I've got mod points on Slashdot again, which means I'm going out of my way to make sure I read some this week. Luckily I found a good thread called Resume Tips for Jobs.

While reading, a new post came in that mentioned a site called asktheheadhunter.com. Looks like a neat site which I'll have to check out more later. I started reading the first article, and it looked like the guy, though a little informercial-esque, had some decent stuff. Then I read this:

There is only one job description: Produce profit.

Ha ha ha ha ha ha. HA HA HA HA!!!

Excuse me. Sorry about that. I'm better now.

Folks, don't be fooled. Even though you've been taught for years and years this is what to base your work ethic on, there's another pretty large sector where you can make mad dough without worrying about a profit for a second. That's right folk, the Federal Government. State and local gov't is often the same, but it's harder to find special projects that have slipped through the cracks that are quite as cash-rich as the ones in the Fed gov't.

Here, thinking about profit is more likely to get you into trouble. There's a budget that has to be spent before the fiscal year's out, causing grenades to be thrown at anthills ("Our $120,000 server farm has provided our users with our static web content with five nine's worth of reliability." You don't hear that last month that came to about 3000 hits), and sometimes the grenades aren't even used with that much efficiency [ie, they don't even kill ants]. There's also this incredibly amorphous measure of projects not by financial worth but by "aura". People attach themselves to nebulous projects that sound neat, but don't actually go anywhere. Well, heck, if the project ended, there wouldn't be any good sounding idea left to champion, now would there? And the coffers and funding would dry up, and you'd be back to square one, looking for another good sounding idea to spearhead. Now that's work!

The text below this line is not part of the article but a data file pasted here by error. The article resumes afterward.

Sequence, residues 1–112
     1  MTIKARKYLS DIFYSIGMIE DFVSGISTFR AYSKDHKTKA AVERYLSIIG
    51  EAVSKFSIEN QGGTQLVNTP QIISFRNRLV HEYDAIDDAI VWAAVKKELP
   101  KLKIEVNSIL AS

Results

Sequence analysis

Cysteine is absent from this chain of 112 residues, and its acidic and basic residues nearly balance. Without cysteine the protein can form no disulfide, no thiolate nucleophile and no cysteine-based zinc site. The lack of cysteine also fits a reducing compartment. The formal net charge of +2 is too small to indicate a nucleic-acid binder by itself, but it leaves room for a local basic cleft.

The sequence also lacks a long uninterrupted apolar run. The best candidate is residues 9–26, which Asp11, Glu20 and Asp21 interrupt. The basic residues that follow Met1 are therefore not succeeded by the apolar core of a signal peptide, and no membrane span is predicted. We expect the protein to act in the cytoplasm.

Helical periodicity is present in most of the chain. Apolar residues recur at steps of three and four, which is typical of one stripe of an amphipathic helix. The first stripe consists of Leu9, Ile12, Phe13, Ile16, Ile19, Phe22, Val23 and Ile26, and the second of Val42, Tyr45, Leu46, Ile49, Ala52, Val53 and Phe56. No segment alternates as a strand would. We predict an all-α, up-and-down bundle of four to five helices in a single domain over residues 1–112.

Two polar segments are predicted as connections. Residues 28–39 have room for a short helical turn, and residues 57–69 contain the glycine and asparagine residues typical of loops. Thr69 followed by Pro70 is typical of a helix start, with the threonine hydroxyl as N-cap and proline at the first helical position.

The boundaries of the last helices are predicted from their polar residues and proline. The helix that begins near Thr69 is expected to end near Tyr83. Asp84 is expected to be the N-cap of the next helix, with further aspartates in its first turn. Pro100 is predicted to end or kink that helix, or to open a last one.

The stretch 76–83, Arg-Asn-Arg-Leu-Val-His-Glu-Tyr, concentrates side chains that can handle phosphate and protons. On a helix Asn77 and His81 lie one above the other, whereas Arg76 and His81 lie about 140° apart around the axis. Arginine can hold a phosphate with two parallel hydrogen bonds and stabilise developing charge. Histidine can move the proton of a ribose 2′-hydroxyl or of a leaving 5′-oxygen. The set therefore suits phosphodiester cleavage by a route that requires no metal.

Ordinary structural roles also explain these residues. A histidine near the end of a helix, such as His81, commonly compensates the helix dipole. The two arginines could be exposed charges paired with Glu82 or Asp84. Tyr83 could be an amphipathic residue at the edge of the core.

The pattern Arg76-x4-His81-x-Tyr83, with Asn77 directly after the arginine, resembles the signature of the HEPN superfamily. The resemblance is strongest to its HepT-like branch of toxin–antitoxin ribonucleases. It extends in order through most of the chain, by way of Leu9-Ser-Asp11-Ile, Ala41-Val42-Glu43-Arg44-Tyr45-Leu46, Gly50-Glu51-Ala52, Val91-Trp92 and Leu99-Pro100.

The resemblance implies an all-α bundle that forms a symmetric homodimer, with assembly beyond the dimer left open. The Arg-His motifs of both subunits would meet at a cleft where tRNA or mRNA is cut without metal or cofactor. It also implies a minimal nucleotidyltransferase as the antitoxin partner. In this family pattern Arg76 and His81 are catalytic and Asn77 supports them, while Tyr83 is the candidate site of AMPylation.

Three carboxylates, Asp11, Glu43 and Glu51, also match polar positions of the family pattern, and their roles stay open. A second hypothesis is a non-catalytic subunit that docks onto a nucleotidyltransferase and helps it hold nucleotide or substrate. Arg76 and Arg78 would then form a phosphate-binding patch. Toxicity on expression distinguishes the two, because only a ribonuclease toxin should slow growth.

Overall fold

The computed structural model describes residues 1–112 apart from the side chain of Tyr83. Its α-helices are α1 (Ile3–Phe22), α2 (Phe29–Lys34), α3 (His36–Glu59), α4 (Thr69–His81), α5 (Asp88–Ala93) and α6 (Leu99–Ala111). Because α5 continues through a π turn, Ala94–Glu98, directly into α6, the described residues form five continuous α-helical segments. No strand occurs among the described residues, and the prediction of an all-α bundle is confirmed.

And this doesn't end at the gov't agency, but continues with the contractors that work for them. Often [if my experience is any measure], gov't agencies actually measure success by how much of their budget goes out the door to the private sector for any reason without any reference to the actual results of this spending. So what contractor wouldn't want to keep a project going as long as they can so that they can keep feeding at the trough? Heck, as long as they're feeding, they're making money, which is their goal, and the gov't agency is still giving away money, which is theirs. It's awful.

Then insert the special interests looking for hand-outs from the Federal Government agencies, and the agencies' absolute fear of causing any waves by having one unhappy person, and you're back to that emasculated "100% conflict avoidence" management style I talked about a while back. (Unfortunately, in my case, this bizarro world-view of the gov't has infected the contractor I work for -- we can still do efficient work, even if the gov't agency doesn't position themselves to do it. And we're not.)

So if you're not getting a job in the world of asktheheadhunter.com, there's always a good government job -- or government contractor job -- with your name on it. In fact, in a few short weeks, you can have mine. I, personally, can't feel good about working in a system built on top of this perverted bottom line. At least not more than a few years, which is about how long it took me to figure out this wasn't a short-term (2-3 more years) fixable situation.